AUBURN – Like kids at a magic show, city budget watchers were impressed by the slim 1.7 percent budget increase Pat Finnigan presented Monday night.
But they were more interested in figuring out how she did it.
“The devil will be in the details,” said Jonathan Labonte, a member of the Auburn Citizens Budget Review Committee. He expected his group to begin working on line-by-line budgets as soon as they’re available.
“We want to see what shifts were made where,” Labonte said.
Finnigan said more detailed budgets would be available Thursday. Councilors and citizens had to be content with a simple departmental summary Monday, a single sheet that presented a rough outline of the budget.
That outline showed a $524,446 increase in city spending compared to the current budget, an increase of 1.7 percent. That was down from departmental requests of $1.6 million more in spending over the current year.
Budget committee members presented their own cuts earlier this month, suggesting $1.5 million in cuts.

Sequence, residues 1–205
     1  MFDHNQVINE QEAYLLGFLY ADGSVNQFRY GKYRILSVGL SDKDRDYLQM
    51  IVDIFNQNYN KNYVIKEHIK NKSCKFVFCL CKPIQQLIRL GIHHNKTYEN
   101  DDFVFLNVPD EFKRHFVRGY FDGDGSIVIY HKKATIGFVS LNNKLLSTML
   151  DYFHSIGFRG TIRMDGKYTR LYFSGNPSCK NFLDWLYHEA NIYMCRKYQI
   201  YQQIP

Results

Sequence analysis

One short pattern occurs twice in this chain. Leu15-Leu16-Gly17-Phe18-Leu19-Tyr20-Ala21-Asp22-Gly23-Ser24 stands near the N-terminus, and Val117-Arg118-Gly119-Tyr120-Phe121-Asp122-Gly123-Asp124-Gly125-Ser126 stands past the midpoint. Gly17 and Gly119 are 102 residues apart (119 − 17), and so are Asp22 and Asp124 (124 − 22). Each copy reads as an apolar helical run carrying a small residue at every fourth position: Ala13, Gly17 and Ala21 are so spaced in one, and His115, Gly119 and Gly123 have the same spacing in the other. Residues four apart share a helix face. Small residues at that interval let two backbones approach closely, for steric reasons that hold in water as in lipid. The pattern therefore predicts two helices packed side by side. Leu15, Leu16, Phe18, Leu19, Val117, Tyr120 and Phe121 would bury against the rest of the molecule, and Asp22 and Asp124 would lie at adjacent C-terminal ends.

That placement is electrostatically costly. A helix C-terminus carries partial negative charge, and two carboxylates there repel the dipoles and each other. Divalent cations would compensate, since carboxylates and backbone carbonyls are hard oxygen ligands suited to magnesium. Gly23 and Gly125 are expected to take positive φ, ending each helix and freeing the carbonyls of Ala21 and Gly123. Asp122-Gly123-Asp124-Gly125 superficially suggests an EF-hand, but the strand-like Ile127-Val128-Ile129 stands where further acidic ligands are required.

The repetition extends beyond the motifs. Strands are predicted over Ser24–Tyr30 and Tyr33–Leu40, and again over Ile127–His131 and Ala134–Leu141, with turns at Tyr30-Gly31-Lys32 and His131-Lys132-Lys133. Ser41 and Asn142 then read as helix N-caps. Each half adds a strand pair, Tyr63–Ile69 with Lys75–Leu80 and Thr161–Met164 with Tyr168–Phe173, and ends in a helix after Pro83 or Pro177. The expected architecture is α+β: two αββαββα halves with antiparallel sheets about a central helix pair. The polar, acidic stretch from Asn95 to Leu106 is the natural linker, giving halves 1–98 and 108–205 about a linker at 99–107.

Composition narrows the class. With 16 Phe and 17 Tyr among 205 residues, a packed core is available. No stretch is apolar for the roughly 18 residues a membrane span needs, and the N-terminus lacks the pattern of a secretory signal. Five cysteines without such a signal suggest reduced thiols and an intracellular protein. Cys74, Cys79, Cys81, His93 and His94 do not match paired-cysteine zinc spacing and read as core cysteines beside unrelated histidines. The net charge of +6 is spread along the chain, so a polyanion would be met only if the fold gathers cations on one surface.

Finnigan said she used some of budget committee’s suggestions, but wouldn’t be more specific. Her budget calls for no cuts to city services. Instead, it spreads small cuts throughout the city.
In all, Finnigan said Auburn’s budget is being pushed up by $820,000 in hard costs the city cannot avoid. Those include $438,000 in wages and benefits, $135,000 in higher fuel costs and $119,700 in capital investments.
“Without those cost increases, our budget would actually go down,” she said.
Finnigan stopped short of discussing property taxes. She does not know how much money Auburn will receive from the state in the form of cost sharing and aid to education. She declined to discuss property taxes until she knows more.